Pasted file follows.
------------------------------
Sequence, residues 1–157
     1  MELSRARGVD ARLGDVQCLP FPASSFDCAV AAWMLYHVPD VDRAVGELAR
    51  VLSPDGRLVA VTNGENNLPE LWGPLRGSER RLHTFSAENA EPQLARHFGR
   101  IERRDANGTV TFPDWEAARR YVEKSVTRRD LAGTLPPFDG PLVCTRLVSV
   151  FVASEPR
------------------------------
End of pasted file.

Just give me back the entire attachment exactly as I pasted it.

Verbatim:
Sequence, residues 1–157
     1  MELSRARGVD ARLGDVQCLP FPASSFDCAV AAWMLYHVPD VDRAVGELAR
    51  VLSPDGRLVA VTNGENNLPE LWGPLRGSER RLHTFSAENA EPQLARHFGR
   101  IERRDANGTV TFPDWEAARR YVEKSVTRRD LAGTLPPFDG PLVCTRLVSV
   151  FVASEPR